Quite apart from the private schools run by church or independent community religious groups, 'Religious Education' as a legitimate subject is mandated in every State and Territory Education platform. Of course, this is not necessarily entirely Christian religious teaching, as elements of comparative religion and other accredited religious persuasions are catered for in some states (for example, Victoria).
In all States, children have opportunities to be taught about their own faith within the State School system or to opt out of the classes if this cannot be catered for in their local school.
The New South Wales Education Department for example, mandates 'Special Religious Education' (SRE) for its high schools. Salaries are met by community groups that raise funds for that purpose, and it works very well as it is an integral part of the school program.
In Queensland a different system is in operation, where 'school chaplains' are the norm, generally administered by Scripture Union. They are partially funded through community efforts and the Federal Government's Chaplaincy program. Each State and Territory has its own mechanism which ensures religious education is covered.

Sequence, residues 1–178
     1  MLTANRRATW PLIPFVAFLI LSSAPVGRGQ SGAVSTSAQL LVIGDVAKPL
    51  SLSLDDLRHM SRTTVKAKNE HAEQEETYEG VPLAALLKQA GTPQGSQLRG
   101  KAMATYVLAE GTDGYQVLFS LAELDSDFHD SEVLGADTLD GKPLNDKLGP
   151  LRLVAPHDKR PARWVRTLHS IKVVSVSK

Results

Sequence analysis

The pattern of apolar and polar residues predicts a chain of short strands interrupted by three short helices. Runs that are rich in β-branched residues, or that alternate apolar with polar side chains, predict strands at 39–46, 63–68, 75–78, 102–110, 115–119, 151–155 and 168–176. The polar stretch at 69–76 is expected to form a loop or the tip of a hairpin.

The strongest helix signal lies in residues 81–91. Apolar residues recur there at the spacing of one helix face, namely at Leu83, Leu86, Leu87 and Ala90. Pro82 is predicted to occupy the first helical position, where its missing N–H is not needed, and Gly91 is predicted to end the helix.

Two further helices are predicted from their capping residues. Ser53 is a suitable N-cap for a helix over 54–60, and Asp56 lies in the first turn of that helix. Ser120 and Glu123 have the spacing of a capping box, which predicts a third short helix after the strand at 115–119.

Given Australia’s heritage, we can see how this situation has its historical roots in the English Education system, where the Christian Church not only established education but were the founders of the great Universities, not least Oxford and Cambridge.
And they in turn were developed on the basis of the original place of Universities, as being part of the European monasteries where the governance of education was centred in the Middle Ages. Up to that time, if you wanted an education for your child, the only place it was available was a monastery or a nunnery.